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Menin Gate, Ypres Menin Gate, Ypres
First Name: William Walter Last Name: HUTTON
Date of Death: 21/10/1914 Lived/Born In: Dalston
Rank: Private Unit: Worcestershire2
Memorial Site: Menin Gate, Ypres

Current Information:


52, Barnsbury Street, Upper Street, Islington

First Battle of Ypres

Between 21st October and 22nd November, 1914 a desperate fight took place around the Belgium city of Ypres, the first of three major battles that were to be fought there during the course of the war. British troops entered Ypres in October. The 1st and 2nd Divisions plus the 3rd Cavalry Division had made their way up from the Aisne as part of the “Race to the Sea”, whilst the 7th Division came west to Ypres after Antwerp had fallen. The Germans knew that Ypres was the gateway to the Channel ports and that these were vital to Britain’s war effort so they poured reinforcements into the area. The fighting fell into three distinct battles; the Battle of Langemarck, 21-24 October, the Battle of Gheluvelt, 29-31 October and the Battle of Nonne Bosschen, 11 November. Ypres did not fall to the Germans but its defence during these two months resulted in the destruction of much of the old regular British Army.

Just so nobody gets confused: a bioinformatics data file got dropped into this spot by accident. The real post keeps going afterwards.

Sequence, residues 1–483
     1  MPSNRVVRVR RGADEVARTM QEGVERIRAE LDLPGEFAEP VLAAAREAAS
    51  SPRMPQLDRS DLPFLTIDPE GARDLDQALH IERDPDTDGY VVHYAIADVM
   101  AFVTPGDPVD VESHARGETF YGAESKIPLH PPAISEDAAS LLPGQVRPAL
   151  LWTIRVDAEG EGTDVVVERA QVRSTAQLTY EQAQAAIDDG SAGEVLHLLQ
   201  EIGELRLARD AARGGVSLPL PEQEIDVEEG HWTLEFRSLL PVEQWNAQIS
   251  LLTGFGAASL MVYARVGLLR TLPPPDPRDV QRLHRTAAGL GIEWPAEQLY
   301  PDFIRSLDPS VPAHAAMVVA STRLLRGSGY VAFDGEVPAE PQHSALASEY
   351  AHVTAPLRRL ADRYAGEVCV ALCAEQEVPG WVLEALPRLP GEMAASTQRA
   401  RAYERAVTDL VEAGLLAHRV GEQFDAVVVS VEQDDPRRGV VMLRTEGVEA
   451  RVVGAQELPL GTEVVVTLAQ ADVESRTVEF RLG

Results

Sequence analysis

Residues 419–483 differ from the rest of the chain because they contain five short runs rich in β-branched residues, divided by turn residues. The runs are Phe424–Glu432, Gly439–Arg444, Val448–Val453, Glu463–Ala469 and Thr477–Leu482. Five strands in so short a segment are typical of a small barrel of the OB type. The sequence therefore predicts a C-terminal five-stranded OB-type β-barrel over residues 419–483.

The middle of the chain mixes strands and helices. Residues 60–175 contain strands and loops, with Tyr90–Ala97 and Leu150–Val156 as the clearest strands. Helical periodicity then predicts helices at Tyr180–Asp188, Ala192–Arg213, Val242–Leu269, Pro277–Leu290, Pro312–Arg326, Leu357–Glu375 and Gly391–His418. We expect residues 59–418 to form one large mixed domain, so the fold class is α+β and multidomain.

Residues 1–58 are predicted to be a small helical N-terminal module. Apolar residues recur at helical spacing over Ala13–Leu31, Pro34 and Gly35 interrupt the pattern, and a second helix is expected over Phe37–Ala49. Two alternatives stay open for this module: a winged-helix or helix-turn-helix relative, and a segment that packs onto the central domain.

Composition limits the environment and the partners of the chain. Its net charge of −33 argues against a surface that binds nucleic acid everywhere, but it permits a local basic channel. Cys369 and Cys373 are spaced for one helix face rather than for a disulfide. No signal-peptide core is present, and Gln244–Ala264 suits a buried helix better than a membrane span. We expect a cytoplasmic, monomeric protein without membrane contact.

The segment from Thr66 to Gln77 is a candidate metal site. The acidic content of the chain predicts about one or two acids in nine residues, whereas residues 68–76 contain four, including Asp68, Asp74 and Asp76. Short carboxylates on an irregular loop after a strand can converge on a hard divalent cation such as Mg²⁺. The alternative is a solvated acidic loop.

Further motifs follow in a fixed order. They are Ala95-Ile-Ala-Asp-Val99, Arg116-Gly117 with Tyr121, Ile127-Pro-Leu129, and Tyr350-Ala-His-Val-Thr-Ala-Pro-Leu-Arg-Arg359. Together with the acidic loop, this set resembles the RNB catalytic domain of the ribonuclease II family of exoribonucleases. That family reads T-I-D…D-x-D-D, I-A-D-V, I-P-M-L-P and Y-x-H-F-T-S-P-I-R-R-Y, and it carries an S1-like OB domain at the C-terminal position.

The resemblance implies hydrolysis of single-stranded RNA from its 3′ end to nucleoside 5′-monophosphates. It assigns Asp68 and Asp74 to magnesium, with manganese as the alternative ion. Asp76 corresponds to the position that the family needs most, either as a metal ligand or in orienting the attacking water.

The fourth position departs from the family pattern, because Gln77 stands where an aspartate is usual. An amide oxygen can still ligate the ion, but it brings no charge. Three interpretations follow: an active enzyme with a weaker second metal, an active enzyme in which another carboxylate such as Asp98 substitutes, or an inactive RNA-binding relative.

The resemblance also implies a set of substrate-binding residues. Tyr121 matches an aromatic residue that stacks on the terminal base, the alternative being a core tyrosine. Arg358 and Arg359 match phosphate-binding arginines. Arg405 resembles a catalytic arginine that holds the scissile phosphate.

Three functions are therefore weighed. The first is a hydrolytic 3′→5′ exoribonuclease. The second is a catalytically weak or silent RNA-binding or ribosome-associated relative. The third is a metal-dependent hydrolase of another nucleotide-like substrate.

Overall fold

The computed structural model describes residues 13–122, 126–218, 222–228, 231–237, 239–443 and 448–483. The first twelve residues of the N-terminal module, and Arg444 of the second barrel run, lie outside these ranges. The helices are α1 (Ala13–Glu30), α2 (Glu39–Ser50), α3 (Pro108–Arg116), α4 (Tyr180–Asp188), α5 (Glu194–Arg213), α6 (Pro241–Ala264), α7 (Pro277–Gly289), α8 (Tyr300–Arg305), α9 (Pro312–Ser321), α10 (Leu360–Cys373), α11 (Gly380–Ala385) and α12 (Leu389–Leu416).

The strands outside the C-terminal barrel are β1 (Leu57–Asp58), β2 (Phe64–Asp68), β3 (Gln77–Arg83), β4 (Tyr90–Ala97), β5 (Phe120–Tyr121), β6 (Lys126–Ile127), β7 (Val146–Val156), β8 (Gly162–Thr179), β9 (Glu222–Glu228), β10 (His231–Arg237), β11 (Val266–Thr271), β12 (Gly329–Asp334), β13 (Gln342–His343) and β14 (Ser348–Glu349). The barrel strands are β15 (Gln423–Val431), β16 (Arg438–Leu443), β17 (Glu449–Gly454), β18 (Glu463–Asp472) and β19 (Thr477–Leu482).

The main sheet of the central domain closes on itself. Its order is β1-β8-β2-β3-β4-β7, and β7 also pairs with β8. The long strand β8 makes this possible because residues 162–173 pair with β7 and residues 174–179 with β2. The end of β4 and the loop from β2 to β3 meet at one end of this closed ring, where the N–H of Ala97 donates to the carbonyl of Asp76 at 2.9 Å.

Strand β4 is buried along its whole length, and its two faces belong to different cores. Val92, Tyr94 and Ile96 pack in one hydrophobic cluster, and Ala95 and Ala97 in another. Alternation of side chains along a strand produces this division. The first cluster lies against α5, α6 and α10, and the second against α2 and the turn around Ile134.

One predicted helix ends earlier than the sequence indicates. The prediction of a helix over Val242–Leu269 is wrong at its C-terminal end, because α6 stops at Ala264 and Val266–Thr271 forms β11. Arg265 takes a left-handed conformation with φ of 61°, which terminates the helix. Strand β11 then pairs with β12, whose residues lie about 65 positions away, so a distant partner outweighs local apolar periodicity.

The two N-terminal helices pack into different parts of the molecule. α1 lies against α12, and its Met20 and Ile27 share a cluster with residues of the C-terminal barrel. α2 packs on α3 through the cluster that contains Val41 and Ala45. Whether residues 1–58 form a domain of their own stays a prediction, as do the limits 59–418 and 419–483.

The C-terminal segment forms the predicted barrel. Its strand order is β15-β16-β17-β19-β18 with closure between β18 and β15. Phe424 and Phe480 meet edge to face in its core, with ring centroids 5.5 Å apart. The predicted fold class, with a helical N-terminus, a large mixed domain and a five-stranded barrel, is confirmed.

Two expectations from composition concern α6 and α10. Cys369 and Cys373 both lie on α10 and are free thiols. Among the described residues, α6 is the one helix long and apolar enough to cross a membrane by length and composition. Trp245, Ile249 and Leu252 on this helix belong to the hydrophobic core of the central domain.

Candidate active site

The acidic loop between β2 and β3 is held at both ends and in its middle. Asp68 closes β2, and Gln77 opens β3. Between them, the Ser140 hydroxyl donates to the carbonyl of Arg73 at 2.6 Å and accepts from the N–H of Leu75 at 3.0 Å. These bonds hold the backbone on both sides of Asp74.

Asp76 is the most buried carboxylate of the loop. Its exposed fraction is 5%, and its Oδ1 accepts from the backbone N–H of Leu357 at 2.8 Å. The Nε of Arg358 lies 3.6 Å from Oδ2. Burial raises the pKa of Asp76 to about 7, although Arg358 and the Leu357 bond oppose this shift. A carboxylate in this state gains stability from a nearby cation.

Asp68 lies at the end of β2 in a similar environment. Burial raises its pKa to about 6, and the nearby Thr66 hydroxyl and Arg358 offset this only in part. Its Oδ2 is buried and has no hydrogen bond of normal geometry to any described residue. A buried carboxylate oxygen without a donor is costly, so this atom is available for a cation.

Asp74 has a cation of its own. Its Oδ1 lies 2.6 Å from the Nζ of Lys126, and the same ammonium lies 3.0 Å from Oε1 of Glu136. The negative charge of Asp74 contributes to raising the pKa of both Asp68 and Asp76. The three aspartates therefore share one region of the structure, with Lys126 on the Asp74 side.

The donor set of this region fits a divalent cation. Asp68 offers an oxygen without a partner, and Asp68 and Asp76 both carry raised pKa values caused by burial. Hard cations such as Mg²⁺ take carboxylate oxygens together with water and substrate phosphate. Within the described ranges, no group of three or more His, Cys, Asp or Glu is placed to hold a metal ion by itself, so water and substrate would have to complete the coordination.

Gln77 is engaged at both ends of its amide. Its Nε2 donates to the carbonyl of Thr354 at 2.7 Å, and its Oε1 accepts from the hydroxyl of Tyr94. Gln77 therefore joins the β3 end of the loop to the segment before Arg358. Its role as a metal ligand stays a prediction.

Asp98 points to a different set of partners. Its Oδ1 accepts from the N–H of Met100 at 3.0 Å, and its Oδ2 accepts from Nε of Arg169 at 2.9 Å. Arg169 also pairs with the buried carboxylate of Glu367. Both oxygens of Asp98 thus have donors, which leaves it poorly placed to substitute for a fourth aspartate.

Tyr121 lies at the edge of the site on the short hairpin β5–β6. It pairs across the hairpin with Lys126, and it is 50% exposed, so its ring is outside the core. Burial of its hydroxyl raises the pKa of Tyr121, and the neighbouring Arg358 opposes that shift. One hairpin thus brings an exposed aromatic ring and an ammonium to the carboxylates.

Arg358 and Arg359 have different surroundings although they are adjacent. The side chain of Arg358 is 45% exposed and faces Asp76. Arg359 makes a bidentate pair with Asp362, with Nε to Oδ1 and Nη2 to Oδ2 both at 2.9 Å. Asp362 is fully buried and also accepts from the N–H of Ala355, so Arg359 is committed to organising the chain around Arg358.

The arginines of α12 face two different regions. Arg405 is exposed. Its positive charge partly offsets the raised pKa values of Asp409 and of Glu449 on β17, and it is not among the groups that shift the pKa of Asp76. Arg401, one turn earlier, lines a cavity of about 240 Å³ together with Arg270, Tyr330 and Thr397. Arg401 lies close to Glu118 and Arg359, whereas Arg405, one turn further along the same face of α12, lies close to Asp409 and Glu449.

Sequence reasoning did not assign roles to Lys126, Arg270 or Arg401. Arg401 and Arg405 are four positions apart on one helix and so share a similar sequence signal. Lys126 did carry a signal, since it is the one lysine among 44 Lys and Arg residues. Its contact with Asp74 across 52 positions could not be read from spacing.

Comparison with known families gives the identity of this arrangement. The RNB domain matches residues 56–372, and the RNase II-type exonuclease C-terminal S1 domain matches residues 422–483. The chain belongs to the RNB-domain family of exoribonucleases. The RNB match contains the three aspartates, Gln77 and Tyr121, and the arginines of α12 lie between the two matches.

From 21st October to 24th October 7th Division, in their position east of Ypres were repeatedly attacked by the numerically superior Germans, whilst 1st and 2nd Divisions were similarly assaulted to the north-east of Ypres around Langemarck. This was the old regular British army at its fighting best and the German offensive failed to break through, but the cost was high.

I Corps orders for 21st  October were for an advance in two stages.  First to a line Passchendaele to Poelcappelle then to a line 1 ½ milesfurther north through Westroosebeke.  Congestion on the roads meant that 1st Division did not reach the starting line at Langemarck until 8.30am by which time 2nd Division had its leading troops on the Zonnebeke-Langemarck road with Divisional HQ at St Julien.  5 Brigade were on the left  in the Steenbeek depression 1 mile north of St Julien.  Units of 1st Division came up on the left of 5 Brigade at 9.20am and the advance began.  Steady progress made at first but heavy German fire was met when the Zonnebeke-Langemarck road was crossed. The Germans were greatly assisted by the many streams and thick hedges  which obscured the view of the advancing British.  The German fire was not too accurate except near St Julien where, 2nd Worcestershire suffered most of their casualties that day from oblique machine gun and rifle fire.  By 2 pm the general line had advanced 1000-2000 yds from the Zonnebeke-Langmarck road and was close to the main German line but were later forced to cede ground.

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